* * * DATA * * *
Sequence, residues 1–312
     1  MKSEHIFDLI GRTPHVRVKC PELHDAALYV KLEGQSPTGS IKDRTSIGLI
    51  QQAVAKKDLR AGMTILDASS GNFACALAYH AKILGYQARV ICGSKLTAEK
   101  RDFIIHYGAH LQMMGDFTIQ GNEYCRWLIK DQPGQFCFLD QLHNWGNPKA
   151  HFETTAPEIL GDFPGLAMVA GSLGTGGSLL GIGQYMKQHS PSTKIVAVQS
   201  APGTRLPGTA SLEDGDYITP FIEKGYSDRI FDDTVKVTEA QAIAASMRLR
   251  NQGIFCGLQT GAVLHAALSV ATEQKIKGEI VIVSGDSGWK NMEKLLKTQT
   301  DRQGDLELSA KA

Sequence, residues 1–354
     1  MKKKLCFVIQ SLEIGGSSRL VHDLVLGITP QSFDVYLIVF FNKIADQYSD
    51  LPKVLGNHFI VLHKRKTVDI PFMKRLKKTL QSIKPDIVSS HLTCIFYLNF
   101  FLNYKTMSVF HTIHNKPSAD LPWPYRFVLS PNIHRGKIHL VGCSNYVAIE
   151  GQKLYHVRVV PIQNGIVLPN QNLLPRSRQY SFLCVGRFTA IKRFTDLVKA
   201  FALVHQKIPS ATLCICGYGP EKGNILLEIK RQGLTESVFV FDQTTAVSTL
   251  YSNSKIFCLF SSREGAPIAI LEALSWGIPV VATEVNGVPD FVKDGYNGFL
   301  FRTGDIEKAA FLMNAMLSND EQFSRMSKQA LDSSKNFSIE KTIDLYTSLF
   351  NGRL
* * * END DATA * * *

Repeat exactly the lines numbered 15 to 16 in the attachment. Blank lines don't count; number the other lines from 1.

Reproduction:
   251  YSNSKIFCLF SSREGAPIAI LEALSWGIPV VATEVNGVPD FVKDGYNGFL
   301  FRTGDIEKAA FLMNAMLSND EQFSRMSKQA LDSSKNFSIE KTIDLYTSLF